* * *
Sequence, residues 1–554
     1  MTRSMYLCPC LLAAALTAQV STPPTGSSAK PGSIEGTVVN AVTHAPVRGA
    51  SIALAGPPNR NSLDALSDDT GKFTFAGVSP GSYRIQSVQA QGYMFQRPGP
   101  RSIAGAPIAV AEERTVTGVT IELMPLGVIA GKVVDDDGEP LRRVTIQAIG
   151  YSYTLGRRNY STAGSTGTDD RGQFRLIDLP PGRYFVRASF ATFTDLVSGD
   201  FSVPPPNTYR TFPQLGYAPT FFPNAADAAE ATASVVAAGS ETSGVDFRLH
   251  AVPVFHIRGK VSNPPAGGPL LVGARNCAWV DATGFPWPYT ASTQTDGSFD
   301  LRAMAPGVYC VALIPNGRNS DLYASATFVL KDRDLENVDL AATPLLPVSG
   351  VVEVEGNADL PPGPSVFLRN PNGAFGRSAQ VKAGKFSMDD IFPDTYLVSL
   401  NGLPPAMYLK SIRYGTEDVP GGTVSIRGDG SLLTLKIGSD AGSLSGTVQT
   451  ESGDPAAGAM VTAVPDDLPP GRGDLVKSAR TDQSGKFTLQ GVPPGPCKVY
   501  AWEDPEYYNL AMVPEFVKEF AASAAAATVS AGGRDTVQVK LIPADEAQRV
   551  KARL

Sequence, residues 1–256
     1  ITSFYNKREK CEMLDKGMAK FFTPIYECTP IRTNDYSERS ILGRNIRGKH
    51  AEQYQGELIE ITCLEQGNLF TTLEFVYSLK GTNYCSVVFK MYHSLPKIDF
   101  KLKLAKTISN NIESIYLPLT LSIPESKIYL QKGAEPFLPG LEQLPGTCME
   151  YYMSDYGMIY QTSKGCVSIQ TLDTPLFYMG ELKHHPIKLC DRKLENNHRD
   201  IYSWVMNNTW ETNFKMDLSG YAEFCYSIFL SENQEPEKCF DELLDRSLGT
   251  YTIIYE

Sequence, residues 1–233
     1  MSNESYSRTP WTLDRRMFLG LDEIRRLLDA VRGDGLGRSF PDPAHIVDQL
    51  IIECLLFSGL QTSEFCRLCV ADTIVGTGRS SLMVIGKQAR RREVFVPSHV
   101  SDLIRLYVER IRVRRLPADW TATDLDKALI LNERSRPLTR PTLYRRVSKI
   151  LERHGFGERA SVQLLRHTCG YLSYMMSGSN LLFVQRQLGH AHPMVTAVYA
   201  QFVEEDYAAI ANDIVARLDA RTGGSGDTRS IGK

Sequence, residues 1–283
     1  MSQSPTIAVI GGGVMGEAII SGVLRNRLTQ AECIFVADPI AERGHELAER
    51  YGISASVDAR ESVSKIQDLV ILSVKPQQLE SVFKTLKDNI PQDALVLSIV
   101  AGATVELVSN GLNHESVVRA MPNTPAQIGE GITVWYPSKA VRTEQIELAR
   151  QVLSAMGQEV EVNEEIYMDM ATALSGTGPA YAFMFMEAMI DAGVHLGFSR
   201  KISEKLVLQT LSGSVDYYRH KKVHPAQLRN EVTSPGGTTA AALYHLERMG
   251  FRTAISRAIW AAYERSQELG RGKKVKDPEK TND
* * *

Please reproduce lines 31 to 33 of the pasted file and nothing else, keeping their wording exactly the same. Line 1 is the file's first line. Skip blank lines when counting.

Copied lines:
   151  QVLSAMGQEV EVNEEIYMDM ATALSGTGPA YAFMFMEAMI DAGVHLGFSR
   201  KISEKLVLQT LSGSVDYYRH KKVHPAQLRN EVTSPGGTTA AALYHLERMG
   251  FRTAISRAIW AAYERSQELG RGKKVKDPEK TND